If you have ever been in a courtroom, the person to the side of the judge typing on a small machine is the court reporter. He or she is highly skilled and has the ethical obligation to take down every word uttered in the courtroom during hearings or trials – verbatim. What a daunting task!

In the olden days, shorthand reporting was done by pen writers. More recently, court reporters used shorthand machines with cumbersome paper trays attached, which scrolled out folded paper about 3 inches wide, and only the court reporter could read the hieroglyphics on the paper. The steno machines used now are small and portable, and back-up storage is on SD cards as opposed to paper. As the court reporter types, the strokes are processed through the reporter’s individual dictionary, and then appear in “real time” on the computer monitor in a readable form.

The court reporter’s dictionary is updated daily by inputting key strokes to define a word or phrase so translation into English is possible. For example, if the court reporter is taking down testimony in a case with medical terms, before the trial, he or she will input numerous medical terms related to the case so they translate properly. If a transcript is requested or a case is appealed, the court reporter must produce the document within the statutory time periods and certify that the transcript is accurate.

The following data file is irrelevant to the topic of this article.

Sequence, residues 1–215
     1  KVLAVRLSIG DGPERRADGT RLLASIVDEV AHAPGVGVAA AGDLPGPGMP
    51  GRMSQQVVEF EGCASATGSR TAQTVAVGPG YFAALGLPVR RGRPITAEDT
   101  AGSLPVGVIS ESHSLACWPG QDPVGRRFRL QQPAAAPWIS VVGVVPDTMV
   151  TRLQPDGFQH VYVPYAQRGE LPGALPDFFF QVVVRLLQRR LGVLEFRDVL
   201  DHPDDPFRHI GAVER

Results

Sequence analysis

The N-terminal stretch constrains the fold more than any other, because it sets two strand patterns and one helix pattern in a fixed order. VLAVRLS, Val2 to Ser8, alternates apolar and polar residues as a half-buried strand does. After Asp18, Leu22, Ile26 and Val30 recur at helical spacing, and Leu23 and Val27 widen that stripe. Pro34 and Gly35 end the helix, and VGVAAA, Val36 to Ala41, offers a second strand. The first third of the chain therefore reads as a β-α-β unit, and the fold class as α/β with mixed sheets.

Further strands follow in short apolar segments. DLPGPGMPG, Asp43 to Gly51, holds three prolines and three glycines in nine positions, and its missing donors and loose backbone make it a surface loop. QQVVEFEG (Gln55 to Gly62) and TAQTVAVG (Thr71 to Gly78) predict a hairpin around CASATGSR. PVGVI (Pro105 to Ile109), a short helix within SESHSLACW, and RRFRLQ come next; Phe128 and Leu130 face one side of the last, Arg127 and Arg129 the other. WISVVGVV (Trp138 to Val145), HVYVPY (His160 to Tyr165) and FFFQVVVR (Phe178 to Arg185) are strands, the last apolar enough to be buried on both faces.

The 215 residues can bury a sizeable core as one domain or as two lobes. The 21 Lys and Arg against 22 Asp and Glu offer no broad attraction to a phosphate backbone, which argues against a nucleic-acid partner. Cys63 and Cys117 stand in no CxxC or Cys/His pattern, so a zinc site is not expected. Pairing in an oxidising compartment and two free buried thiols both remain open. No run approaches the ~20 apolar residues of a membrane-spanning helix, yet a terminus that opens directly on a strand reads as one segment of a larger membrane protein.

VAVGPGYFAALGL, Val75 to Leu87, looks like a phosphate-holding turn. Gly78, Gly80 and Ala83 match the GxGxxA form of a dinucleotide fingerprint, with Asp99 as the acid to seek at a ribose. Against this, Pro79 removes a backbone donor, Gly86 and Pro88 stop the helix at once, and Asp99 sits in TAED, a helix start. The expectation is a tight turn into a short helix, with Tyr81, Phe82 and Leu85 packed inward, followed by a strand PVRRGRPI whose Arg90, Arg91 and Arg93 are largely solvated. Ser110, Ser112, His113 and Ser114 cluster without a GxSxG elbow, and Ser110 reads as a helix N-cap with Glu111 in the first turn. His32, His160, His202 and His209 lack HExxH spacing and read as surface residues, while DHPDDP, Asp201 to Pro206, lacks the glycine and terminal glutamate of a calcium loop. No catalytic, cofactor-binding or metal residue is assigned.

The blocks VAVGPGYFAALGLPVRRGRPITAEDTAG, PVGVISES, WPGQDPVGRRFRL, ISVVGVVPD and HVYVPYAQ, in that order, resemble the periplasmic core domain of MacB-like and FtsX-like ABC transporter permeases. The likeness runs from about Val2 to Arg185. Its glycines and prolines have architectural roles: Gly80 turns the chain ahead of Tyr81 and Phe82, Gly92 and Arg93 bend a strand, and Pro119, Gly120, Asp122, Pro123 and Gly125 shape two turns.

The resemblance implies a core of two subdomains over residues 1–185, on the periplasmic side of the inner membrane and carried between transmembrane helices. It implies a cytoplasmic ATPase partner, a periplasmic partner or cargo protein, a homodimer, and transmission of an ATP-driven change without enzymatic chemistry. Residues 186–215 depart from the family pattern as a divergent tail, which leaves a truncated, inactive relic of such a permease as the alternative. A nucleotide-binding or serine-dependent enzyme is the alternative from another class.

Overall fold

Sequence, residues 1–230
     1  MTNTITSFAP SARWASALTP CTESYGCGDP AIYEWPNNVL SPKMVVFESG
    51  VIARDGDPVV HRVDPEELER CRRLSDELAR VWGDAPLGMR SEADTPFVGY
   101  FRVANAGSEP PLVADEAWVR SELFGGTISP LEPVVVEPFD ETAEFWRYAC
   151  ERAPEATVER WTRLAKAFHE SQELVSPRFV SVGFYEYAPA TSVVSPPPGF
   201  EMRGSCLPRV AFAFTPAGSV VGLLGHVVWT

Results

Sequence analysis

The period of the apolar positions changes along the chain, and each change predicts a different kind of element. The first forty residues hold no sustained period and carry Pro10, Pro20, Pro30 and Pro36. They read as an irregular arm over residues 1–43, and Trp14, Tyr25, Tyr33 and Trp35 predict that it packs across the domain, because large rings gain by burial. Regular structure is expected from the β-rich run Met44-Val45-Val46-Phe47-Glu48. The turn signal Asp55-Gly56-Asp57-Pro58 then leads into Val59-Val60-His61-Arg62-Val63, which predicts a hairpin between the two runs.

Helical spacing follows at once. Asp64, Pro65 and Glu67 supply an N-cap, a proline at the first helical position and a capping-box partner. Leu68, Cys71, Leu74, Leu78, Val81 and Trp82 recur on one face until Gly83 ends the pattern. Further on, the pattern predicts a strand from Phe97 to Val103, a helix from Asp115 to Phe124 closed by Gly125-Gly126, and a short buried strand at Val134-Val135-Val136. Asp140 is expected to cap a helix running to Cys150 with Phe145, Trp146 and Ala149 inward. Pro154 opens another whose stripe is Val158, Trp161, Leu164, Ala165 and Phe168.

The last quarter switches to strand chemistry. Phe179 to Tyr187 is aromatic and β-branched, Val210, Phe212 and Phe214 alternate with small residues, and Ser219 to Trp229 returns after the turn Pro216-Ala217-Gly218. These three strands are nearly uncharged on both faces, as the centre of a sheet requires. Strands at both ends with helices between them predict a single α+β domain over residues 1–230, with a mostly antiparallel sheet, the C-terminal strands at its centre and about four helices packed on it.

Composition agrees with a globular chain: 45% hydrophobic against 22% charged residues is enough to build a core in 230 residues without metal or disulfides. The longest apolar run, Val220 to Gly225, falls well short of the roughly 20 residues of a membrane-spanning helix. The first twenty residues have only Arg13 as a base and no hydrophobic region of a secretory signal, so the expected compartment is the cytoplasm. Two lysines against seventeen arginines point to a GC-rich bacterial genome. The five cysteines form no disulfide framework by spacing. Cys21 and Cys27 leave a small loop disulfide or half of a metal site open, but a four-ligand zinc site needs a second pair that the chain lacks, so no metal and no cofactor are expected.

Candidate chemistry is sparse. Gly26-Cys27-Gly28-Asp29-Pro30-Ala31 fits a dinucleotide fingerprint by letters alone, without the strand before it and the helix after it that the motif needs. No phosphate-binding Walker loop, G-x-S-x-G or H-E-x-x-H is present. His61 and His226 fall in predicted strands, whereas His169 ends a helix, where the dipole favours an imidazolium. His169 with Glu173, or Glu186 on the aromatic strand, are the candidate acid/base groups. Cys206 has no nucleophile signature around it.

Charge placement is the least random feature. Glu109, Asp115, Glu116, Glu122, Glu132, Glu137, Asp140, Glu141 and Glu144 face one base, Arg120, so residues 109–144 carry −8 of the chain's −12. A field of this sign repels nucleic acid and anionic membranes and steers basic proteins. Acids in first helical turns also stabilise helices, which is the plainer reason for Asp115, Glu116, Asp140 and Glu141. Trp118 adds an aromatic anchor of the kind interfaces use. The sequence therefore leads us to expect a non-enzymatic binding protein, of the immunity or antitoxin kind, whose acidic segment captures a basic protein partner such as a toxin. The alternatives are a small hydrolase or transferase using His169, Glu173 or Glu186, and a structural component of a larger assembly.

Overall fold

Court reporters are licensed by the state of Minnesota and must pass a competency test, which includes typing a minimum number of words per minute. They belong to professional organizations and are required to take continuing education credits and keep up on the latest technology changes.

The only court reporting school in Minnesota currently is at the Anoka Technical College. Typically, less than a third of students graduate from the program as they are unable to meet the stringent speed requirements with a minimum of 95 percent accuracy.

Not all court reporters work for the court system. Instead, they report depositions, do closed-captioning for broadcasts such as sporting events, or report for the deaf or hard of hearing.

As a judge, I appreciate the skill and professionalism of the court reporters who work in the court system.

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Ann Carrott is a district court judge chambered in Alexandria.

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